How N1.4trn That Could’ve Changed Nigeria Was Looted By 55 Individuals In 7 Years – Osinbajo

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Ardent Reader, News Freak, Socio-Political Commentator, Archaeologist & Pro-Democrat.

Yemi OsinbajoThe sum of over N1.4 trillion, which could have been used to the immense benefit of Nigerians, was looted by just 55 Nigerians within a space of seven years, Vice President Yemi Osinbajo (SAN), disclosed on Tuesday.
Giving a shocking analysis of the opportunity cost of corruption, Osinbajo said only a third of the looted money – some half trillion naira – could have favoured large swathes of Nigeria, build roads, put children in schools and families in homes instead of lining the pockets of looters.
“Using World Bank’s rates and costs, one-third of this stolen sum could have provided 640km of roads”, the vice president noted. That’s roughly the distance between Abuja and Sokoto.
The money could also have built “36 ultra-modern hospitals (one per state), built and furnished 185 schools, educated 4,000 children from primary level all the way to their tertiary education (at N25 million per child), and also built 20,000 units of two-bedroom houses”, he added.
Osinbajo spoke at a stakeholders’ dialogue on corruption, organised by Transparency International and its local contact, the Civil Society Legislative and Advocacy Centre (CISLAC).
Vice President Osinbajo’s analysis of the opportunity cost of corruption comes exactly one year after President Muhammadu Buhari launched his administration’s anti-corruption drive.
In his address, delivered by Femi Odekunle, renowned Professor of Criminology and member of the Presidential Advisory Committee Against Corruption, the vice president said corruption-related offences have dominated 80% of media-reported crimes since 2006.
“Out of top 10 global corruption enforcement cases of all time, Nigeria is actively implicated”, said Osinbajo.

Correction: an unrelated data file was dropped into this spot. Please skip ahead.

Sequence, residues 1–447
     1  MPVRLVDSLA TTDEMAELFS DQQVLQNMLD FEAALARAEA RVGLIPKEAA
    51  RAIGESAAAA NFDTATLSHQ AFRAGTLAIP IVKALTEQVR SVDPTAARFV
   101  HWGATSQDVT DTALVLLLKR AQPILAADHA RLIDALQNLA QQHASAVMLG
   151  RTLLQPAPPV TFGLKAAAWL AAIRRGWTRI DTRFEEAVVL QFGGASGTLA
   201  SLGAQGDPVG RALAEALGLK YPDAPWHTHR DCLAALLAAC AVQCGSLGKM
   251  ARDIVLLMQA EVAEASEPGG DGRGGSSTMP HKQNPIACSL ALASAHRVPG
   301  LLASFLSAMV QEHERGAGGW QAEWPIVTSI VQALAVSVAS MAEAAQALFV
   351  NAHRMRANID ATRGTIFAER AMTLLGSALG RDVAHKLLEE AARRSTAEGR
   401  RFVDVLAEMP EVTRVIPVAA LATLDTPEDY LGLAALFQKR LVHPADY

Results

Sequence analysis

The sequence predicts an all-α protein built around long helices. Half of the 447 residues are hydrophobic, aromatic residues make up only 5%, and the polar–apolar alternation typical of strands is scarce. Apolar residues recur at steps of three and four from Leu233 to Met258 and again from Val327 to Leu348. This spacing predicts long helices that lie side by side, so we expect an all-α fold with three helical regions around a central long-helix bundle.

“The famous Panama Papers…revealed the criminal exploitation [by] prominent Nigerians”.
The vice president backed the stance of the dialogue, to negotiate space for state and non-state actors to fight corruption.
He particularly suggested non-government groups to demand accountability and transparency from elected and appointed officials across all tiers of government.
“Demand must be for routine publishing of budget allocations, public projects and creation of a public register where owners and beneficial owners to every asset in the country can be disclosed”, said Osinbajo.
The vice president also charged non-governmental groups to unite in exerting pressure on government to ensure public and private officials engaged in corrupt practices resign their positions, make restitution and face stipulated sanctions.
CISLAC, which works with Transparency International in Nigeria, have repeated calls for open budgetary process and disclosure of public spending in the wake of a Transparency report into murky military and defence spending.
Similarly, following the Panama Papers’ leak, the group called for names of beneficiaries of every asset in the country to be made public.
“The fight against corruption has never been higher on the agenda of Nigeria”, said CISLAC chairperson, Yunusa Ya’u.
“However, there is no doubt that for the current anti-corruption drive to be effective and sustainable, there is need for a framework of coordinated action that recognizes the role of all stakeholders – both state and non-state actors”.
Ya’u noted sustaining anti-graft efforts depends on institutions effectively preventing and enforcing anti-corruption standards.
“These institutions need to enjoy independence from political interference and be adequately resourced, in terms of personnel, financial and material resources, to fulfil their mandate”, he said.

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